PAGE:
Young people’s use of new media through communities of practice
thesisposted on 2017-02-23, 03:20 authored by Ismail, Nurzali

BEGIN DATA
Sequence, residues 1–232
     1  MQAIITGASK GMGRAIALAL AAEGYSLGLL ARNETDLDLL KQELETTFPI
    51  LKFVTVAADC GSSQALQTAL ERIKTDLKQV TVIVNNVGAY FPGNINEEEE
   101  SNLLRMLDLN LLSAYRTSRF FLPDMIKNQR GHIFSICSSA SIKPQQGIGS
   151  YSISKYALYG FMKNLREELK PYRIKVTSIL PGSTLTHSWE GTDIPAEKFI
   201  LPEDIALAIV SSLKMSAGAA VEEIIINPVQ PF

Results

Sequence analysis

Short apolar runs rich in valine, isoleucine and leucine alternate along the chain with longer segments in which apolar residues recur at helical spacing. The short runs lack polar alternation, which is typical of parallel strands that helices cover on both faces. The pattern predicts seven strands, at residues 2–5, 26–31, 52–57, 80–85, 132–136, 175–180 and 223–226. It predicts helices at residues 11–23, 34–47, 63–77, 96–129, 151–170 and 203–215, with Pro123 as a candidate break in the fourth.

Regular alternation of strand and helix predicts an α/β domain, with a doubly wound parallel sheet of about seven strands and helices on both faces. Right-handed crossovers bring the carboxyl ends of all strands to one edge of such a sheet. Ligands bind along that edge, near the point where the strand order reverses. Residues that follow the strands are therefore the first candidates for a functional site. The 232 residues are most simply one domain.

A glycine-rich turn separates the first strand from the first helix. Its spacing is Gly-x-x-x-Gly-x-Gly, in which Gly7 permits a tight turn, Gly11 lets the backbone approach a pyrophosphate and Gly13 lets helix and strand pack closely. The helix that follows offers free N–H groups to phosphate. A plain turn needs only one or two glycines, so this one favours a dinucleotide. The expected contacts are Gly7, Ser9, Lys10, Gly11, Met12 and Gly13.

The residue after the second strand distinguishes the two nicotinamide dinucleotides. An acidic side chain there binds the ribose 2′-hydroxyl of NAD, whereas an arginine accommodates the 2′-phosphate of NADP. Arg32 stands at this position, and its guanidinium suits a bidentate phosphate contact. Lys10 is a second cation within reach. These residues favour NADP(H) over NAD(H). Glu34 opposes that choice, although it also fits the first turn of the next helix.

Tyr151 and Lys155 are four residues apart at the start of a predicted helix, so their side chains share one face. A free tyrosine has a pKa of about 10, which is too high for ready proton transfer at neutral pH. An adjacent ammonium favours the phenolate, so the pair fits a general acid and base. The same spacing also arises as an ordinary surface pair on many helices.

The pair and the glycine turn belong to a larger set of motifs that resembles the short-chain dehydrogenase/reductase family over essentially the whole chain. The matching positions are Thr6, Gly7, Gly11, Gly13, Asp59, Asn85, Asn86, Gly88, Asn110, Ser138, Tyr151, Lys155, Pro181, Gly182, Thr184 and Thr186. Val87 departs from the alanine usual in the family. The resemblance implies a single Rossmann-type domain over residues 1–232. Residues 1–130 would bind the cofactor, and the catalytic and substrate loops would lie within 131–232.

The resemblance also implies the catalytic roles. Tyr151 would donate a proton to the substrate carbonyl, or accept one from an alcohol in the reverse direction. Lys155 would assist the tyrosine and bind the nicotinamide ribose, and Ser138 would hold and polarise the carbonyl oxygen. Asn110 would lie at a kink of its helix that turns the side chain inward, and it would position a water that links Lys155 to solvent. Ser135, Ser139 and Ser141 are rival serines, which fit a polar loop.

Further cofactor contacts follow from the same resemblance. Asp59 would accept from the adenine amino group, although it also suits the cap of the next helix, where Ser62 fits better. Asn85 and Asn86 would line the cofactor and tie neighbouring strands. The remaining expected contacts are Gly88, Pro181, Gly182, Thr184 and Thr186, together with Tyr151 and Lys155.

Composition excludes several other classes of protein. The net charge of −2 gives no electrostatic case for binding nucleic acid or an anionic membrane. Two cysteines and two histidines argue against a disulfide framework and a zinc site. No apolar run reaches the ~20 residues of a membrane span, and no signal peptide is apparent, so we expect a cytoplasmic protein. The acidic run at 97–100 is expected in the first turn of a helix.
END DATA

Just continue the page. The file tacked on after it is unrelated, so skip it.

This thesis explores how young people use new media in and out of school, in the Malaysian context, through communities of practice (COPs). A case study approach was used to investigate young people’s digital practices in and out of school. This includes the relationships that are established between the contexts of in and out of school, and the identity formation that young people experience as they use new media in their everyday lives. In an attempt to unravel the complexity surrounding young people’s use of new media in and out of school, this study captures insights from different groups of participants including the students, their peers, family members, as well as other individuals who use new media with them such as school leaders and teachers. Despite the Malaysian government’s continuous efforts to integrate technologies such as computers and the internet into teaching and learning, this study investigates why young people’s use of new media in schools remains limited. The study found that teachers’ attitudes and knowledge of new media influence the way digital technologies are integrated in the classroom. For this reason, it is essential to provide teachers with continuous professional development opportunities in order to ensure that their knowledge and skills in the use of new media are up-to-date and relevant in the constantly changing digital world. It is also important for the policy makers to reform the existing curriculum and, for educators to change their pedagogical approaches from teacher-centred classroom strategies to learner-centred approaches, for teachers and students to be able to fully optimise the potential of new media in teaching and learning. Out of school, I found that the student participants’ use of new media is generally richer, more varied and more frequent compared with their usage in school. The student participants generally have more frequent access to new media out of school as they engage in different practices such as playing computer games and using social media for an extended period of time. Even though the study found that the importance of the student participants’ use of new media is often disregarded by their teachers, it revealed that they not only use digital technologies for leisure, but they also use these technologies to serve other important purposes including communication and socialising to meet personal needs, and to support their learning through communities of practice. Through using the critical lens of Wenger’s (1998) ‘communities of practice’ (COPs) as a theoretical frame, I found that there is a huge difference in terms of access to new media in school in comparison with out of school, as well as differences in the way new media is used. There is a relationship established between in and out of school contexts regarding student participants’ use of digital media. This relationship is established through the use of digital technologies that are considered as boundary objects and through brokering, as the student participants share their knowledge and, influence practices based on the new media experiences they gain from their participation in COPs. Relationships are also established across the boundaries of in and out of school through similar new media practices involving the student participants. The findings from this study reaffirm Wenger’s (1998) conception of identity, as the student participants’ active participation in new media based communities, in and out of school, leads to the formation of their identities. For example, some students see themselves as ‘geeks’ and ‘experts’ in new media, as they frequently engage in practices such as gaming, downloading applications, music and videos and using social media. More importantly, it is through their active participation in shared new media practices, in and out of school, that student participants develop an understanding of the important roles of digital media in their everyday lives.